Richard Ha writes:
On Friday I attended a reception at Washington Place, the governor’s mansion, given for the people behind the Thirty Meter Telescope.
It was great to get together. So many people worked so hard to accomplish what we did.
I remember Roberta Chu and I standing in the parking lot in the very early days asking each other: “Do you think we can do this?” We never looked back.
Henry Yang, President of the TMT Corporation, is a very special person. He flew in and out of the Big Island more than 15 times, and spent all of his time talking to the regular folks. He never once spoke to the press.
He learned firsthand that the lowest common denominator that folks on all sides of the issue could agree upon was keiki education, and so the TMT committed $1 million annually for keiki education on the Big Island.
All throughout the tough negotiations, this was completely off the table. No one could touch it, nor even think about touching it.
Henry did not come into town telling everyone he was there to save them. He told them what was going to happen. But mostly he listened. And, slowly but surely, people started to trust.
Henry and I were like brothers during this project. He was the kind of guy I could do business with on a handshake. He and Jean-Lou Chameau, President of Cal Tech, are people persons. The right people at the right time.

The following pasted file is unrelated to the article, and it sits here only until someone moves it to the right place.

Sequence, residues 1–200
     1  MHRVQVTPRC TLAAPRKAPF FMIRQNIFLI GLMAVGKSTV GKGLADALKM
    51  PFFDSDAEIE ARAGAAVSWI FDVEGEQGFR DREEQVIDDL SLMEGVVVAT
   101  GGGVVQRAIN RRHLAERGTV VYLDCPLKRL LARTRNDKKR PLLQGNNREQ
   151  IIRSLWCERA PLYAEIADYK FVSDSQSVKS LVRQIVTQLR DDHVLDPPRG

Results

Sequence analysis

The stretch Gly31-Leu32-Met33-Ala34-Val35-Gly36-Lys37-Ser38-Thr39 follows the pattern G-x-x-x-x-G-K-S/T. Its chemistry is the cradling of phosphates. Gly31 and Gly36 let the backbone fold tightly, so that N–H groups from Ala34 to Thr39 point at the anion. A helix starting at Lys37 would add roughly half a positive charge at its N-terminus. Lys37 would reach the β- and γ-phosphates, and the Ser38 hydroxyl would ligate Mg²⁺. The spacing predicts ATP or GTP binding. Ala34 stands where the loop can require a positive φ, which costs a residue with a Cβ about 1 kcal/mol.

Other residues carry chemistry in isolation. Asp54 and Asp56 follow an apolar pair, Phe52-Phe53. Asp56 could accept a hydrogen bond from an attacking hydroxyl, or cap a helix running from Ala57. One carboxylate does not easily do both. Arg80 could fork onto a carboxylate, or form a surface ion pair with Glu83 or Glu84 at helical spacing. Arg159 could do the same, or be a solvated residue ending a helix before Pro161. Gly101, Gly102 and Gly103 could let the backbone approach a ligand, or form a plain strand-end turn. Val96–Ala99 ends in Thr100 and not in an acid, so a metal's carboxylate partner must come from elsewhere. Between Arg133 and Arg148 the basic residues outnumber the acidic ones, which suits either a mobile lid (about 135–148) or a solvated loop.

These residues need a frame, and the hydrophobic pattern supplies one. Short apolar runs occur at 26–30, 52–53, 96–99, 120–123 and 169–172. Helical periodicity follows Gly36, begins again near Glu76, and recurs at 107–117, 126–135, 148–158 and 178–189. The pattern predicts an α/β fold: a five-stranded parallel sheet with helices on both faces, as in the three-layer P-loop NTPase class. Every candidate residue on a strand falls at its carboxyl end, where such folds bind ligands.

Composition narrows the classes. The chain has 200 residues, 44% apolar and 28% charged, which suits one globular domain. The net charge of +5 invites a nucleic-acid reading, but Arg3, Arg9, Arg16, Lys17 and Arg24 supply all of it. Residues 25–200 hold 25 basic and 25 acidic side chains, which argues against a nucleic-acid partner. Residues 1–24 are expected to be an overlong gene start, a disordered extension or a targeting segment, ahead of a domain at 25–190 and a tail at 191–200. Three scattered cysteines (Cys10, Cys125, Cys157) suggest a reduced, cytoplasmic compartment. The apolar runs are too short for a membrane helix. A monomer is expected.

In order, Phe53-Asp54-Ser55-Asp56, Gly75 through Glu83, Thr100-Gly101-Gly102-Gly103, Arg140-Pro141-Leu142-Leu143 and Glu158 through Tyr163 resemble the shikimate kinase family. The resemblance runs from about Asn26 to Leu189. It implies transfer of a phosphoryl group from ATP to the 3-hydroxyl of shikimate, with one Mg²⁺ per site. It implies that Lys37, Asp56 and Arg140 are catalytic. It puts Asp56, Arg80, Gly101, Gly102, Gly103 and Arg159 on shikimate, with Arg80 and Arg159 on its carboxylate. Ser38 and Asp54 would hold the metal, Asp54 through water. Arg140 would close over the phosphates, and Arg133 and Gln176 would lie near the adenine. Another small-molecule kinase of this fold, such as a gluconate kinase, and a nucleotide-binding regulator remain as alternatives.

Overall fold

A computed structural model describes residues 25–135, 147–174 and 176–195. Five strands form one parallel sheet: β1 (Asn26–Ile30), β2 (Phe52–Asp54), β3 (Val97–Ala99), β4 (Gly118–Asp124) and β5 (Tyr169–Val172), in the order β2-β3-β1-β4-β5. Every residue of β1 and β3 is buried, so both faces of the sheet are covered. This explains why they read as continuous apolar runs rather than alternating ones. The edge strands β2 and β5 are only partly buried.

I missed seeing my friend Dawn Chang. She and I worked very closely in the tough, early days.
Ka‘iu Kimura was very brave.
And I learned an important lesson from Kumu Lehua Veincent. When I suggested to him that we try to get five “full-ride” scholarships to the best schools in the nation for Keaukaha kids, he asked me: “And what about the rest of them?” Of course he was right.
Patrick Kahawaiola‘a told me something profound. He said that it’s all about the process. Then it dawned on me: “You have to aloha everyone, no matter on what side of the issue.”
Aloha to the Kanaka Council and other folks like Kealoha, and Ku Ching, who do not agree. I’m pretty sure they know that we were trying to be pono.
Here are some startling facts about the Thirty Meter Telescope:
- 9 times more light collecting area than a Keck Telescope
- 12.5 times sharper images than we can get with the Hubble Space Telescope (This is amazing!)
- Will be able to see through the universe back to the time when the very first stars and galaxies formed
- Will be able to image planets orbiting other stars and to look for the signposts of life
- Will be able to discover and study supermassive black holes at the centers of galaxies throughout the Universe
- Will be able to determine the nature of dark energy and dark matter – These are key to determining the ultimate fate of the Universe.